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A Healthy Healthcare System 

In the political campaigns shaping up for November's election, perhaps the most heated battleground is the continued tug-of-war over healthcare coverage—namely, Cover Oregon, the effort to provide reasonably priced and comprehensive healthcare for uninsured residents. Leading the charge in Oregon have been gubernatorial hopeful Dennis Richardson and Monica Wehby, who has been lambasting Sen. Jeff Merkley for his vote supporting the Affordable Care Act and has positioned herself as "The only candidate for Senate who has fought to stop (Obamacare)." And, not to be left out, U.S. Rep. Greg Walden has lobbed words like "catastrophic" and called for a federal investigation into how funds were spent, as if Cover Oregon is linked to a cover-up and conspiracy.

The tenor of this debate largely has been consumed by the sort of prize fighter trash talking that scores headlines, peppered with accusations like "Wasted hundreds of millions of taxpayer dollars" (Rep. Walden's spokesman, regarding challenger Aelea Christofferson), "Expensive mistakes" (Richardson's first TV ad, accusing Gov. John Kitzhaber of wasting $561 million on Cover Oregon) and Wehby's incessant drumbeat.

Unfortunately, though, in all this sound and fury, some significant statistics have been left out; namely, the success of Cover Oregon.

The statistics are straightforward: In a recent Gallup poll, it was found that 14 percent of Oregonians remain uninsured—a number that is still troubling, yet a huge improvement from a year ago when 19.7 percent of Oregonians were in the same vulnerable position. That drop (300,000 Oregonians) is huge and ranks Oregon as the seventh most successful state in terms of moving large numbers of its residents from uninsured to insured.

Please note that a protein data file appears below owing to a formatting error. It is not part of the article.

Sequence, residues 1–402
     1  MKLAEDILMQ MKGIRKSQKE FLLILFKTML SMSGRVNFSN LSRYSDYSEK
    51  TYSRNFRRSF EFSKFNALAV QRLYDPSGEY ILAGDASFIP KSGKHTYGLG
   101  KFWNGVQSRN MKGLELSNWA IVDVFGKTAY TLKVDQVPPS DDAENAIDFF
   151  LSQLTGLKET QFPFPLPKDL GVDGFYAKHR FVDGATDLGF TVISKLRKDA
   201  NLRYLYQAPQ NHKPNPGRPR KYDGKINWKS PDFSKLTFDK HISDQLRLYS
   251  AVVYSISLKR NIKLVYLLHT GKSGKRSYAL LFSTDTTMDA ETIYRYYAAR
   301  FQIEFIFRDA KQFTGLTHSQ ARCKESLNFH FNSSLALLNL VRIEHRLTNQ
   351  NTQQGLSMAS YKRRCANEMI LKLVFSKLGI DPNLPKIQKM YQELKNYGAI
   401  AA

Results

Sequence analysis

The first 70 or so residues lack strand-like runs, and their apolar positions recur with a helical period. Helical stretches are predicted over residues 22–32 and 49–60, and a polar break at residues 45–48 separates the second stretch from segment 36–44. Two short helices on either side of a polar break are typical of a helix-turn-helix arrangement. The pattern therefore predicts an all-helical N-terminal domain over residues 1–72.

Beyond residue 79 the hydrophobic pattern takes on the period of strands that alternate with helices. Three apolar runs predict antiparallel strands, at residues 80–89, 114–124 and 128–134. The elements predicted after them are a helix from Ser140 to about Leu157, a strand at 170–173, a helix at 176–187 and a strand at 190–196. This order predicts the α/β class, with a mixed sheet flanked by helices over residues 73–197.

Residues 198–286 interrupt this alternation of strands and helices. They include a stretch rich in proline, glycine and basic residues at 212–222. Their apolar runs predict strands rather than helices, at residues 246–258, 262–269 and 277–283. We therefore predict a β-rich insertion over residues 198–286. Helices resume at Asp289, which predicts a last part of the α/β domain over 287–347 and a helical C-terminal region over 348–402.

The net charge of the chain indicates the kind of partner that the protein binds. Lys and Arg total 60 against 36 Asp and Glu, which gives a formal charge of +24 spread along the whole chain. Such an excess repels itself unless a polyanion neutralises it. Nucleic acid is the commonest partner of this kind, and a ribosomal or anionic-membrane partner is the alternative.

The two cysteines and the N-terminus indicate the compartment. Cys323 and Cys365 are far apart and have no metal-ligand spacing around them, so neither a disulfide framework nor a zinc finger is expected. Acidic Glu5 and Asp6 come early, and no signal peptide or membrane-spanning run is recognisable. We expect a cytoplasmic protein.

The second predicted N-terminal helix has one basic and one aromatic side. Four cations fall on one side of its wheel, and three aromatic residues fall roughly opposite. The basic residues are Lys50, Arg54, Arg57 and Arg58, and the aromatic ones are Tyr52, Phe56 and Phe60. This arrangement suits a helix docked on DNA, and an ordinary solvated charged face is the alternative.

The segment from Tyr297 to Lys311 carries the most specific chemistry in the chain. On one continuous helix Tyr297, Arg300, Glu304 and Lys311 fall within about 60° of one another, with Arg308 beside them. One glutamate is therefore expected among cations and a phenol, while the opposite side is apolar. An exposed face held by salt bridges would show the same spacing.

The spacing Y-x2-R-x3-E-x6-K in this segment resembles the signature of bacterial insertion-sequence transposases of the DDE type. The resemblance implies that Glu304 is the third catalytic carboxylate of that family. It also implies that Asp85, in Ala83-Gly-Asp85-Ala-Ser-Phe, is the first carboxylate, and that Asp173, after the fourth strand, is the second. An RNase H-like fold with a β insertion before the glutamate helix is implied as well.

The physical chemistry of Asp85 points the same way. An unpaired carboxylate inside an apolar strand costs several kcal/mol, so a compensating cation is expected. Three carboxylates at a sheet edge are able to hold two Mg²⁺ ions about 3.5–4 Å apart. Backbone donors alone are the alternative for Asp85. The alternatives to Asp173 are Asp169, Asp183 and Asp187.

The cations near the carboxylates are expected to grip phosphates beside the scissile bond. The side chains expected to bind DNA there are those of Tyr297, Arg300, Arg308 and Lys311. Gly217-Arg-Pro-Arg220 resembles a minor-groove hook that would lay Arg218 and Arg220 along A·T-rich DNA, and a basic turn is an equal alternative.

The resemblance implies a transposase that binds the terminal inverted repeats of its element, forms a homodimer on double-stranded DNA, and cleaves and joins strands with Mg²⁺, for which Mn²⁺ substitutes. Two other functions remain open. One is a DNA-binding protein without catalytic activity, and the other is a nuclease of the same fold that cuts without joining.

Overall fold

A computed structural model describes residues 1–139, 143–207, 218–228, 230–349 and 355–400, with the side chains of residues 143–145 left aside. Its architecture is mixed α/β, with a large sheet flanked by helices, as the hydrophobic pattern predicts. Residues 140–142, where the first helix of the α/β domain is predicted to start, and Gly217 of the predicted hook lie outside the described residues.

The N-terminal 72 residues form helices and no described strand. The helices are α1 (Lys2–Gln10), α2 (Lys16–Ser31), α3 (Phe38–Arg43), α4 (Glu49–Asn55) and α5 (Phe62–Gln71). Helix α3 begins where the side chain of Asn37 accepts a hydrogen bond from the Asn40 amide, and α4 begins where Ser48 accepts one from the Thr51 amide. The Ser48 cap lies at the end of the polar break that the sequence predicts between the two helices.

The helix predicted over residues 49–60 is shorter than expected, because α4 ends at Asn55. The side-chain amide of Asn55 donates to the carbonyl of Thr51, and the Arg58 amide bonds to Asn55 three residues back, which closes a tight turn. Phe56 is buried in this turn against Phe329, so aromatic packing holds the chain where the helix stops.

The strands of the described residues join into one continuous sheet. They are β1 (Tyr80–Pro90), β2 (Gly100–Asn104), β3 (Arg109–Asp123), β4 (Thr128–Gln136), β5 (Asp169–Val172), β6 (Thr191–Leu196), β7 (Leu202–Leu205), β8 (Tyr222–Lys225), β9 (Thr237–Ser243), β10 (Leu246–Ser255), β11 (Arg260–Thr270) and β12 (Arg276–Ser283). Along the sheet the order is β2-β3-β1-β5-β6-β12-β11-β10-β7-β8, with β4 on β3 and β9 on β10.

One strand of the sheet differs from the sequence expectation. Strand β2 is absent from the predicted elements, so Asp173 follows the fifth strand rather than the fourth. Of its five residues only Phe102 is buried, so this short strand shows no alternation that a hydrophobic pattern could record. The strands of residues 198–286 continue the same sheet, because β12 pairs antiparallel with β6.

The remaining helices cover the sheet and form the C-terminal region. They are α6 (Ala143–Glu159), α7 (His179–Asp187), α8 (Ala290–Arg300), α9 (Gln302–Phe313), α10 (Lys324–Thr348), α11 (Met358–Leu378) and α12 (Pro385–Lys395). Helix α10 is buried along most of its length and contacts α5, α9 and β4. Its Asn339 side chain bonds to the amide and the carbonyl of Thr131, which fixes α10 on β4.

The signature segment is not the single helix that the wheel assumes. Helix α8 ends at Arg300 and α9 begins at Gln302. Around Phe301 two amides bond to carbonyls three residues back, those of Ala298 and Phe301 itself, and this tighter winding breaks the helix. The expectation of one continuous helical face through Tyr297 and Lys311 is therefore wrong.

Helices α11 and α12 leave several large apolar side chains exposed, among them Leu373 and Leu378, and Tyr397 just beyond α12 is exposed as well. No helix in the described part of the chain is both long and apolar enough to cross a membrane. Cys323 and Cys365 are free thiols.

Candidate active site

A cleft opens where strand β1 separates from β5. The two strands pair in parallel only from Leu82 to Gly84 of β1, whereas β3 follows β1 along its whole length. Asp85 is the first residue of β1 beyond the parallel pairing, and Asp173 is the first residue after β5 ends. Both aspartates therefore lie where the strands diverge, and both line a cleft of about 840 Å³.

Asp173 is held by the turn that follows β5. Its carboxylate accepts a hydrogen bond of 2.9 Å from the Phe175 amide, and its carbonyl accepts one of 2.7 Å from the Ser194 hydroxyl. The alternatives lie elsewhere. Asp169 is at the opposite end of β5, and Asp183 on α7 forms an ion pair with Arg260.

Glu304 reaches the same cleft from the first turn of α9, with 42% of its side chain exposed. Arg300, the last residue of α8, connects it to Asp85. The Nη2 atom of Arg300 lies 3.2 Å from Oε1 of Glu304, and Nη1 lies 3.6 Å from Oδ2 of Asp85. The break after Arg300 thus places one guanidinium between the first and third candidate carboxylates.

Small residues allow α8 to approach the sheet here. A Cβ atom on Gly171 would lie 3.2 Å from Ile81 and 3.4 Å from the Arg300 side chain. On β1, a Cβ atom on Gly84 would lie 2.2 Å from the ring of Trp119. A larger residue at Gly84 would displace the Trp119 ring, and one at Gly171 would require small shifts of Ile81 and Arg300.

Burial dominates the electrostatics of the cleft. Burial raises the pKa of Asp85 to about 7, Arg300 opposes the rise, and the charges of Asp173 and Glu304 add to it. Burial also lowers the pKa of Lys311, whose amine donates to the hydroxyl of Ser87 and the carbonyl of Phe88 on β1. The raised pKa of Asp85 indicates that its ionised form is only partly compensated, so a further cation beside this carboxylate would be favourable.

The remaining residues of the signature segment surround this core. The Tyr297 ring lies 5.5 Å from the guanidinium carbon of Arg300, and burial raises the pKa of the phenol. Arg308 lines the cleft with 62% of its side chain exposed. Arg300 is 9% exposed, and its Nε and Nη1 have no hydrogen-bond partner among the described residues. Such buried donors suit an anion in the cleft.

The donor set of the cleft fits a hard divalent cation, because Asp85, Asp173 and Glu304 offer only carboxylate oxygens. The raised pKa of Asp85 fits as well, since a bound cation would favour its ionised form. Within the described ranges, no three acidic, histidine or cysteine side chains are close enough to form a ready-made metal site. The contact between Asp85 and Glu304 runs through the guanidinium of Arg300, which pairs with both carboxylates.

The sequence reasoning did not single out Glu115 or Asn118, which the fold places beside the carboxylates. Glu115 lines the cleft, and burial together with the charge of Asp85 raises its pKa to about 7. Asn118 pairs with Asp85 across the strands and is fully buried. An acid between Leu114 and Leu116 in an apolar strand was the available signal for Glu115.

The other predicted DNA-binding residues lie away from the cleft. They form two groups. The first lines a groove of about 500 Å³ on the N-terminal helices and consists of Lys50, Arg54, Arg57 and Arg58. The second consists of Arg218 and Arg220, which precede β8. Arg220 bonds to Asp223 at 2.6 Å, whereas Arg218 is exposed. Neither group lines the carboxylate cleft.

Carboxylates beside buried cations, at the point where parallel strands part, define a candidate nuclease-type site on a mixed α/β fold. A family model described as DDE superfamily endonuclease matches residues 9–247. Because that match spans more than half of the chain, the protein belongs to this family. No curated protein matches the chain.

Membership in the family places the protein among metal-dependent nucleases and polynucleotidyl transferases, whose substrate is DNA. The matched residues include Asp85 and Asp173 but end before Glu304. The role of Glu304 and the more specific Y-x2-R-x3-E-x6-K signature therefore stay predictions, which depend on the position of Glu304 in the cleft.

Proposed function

Yes, Cover Oregon stumbled out of the starting blocks. No one argues that (or, no one should). Cover Oregon's website that was meant to be a portal for easy access to healthcare turned out to be a labyrinth of frustrations and failures, and has unraveled in lawsuits.

But the candidates should stop trying to distract voters from the successes of Cover Oregon by harping on its mechanical failures. Truly, that is about as apt as blaming Amazon for a bad book, or Netflix for a bad movie.

Strangely, though, Richardson, Wehby and Walden seem to be using their anti-Cover Oregon positions as their most defining stance. And sadly, it seems to be working, even though rhetoric is far removed from reality.

Consider, for example, political coverage in the Oregonian, which has done a fine job reporting on the candidates' trash talking, but relegated information about the successes of Cover Oregon to a brief story last week on page nine, giving more significance to the Oregon football team starting its workouts.

I imagine that most people can relate personal stories about how medical costs have devastated familys' finances, like my former haircutter whose business was driven to bankruptcy in less than a year while she tried to finance hospital expenses for her uninsured son's leukemia treatment; and like family friends, whose dad was a physician and nearly had to sell their home of 30 years to pay for emergency services after their son, four days after graduating from law school and uninsured, broke his neck surfing in Mexico.

And I'm sure that each of those 300,000 Oregonians who have gained medical insurance over the last year—a whooping 5.7 percent of the state's population; a not-insignificant portion of the voting block—don't want to hear about how Cover Oregon is a failure.

Perhaps it is time for Richardson, Wehby and Walden to change their tune.


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